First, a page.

(From The Washington Post)
One morning during rush hour, one of the best classical musicians in the world stood in a D.C. Metro arcade and played some of the most beautiful classical music ever composed on a Stradivari violin almost 300 years old worth 3.5 million dollars. Over one thousand people passed him that morning, but under 10 stopped to listen. The violin case lay open on the street like any other street musician. Twenty seven people tossed in some change, most on the go, and he garnered a total of $32.17. One listener who recognized the quality of the performance but not the artist tossed in a ten, the remaining twenty six people gave an average of 85 cents. Some people tossed pennies.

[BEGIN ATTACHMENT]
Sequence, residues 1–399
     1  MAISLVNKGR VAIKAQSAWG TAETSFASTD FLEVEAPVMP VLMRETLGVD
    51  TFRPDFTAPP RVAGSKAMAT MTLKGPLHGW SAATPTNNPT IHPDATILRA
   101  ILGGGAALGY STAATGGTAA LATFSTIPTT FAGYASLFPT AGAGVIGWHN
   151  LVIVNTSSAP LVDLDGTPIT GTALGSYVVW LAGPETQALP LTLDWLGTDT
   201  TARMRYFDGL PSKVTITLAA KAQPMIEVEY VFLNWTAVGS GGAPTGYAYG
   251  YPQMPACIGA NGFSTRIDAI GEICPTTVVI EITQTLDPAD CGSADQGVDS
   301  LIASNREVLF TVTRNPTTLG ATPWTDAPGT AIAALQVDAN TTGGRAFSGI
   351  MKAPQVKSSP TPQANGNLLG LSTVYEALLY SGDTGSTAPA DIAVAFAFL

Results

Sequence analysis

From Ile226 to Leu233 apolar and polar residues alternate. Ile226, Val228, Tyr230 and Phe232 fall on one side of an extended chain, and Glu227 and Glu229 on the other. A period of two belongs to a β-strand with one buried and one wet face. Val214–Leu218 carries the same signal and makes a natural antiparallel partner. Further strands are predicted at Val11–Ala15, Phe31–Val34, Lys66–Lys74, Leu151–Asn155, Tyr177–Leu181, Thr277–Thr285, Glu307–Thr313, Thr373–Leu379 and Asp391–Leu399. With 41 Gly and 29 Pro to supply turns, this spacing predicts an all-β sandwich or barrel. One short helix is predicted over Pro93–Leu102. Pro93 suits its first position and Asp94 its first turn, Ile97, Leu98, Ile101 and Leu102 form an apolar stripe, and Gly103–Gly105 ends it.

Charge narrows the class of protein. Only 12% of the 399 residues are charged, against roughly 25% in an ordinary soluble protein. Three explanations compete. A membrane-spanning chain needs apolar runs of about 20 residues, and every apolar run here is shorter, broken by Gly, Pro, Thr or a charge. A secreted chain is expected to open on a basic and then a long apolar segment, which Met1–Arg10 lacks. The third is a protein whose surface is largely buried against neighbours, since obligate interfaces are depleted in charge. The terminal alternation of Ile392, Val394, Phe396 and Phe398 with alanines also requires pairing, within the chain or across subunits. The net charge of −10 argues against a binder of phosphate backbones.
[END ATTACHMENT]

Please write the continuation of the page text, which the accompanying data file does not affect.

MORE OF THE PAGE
I told this to Christina, who played the violin in high school, and she can’t believe he risked a Stradivarius on the streets like that. She tells me there are only 100 left in the world.
What bothers me so strongly is that I can’t say whether I would have stopped either. In the morning, on my way to work, well, I’m looking I’m not hit by cars on my walk. I’m in my own little world, thinking about the day’s experiments and all the other triffling thing to get done, with my iPod’s volume cranked to overpower the traffic, I very well could have never noticed.
It just makes me feel a triffle ashamed.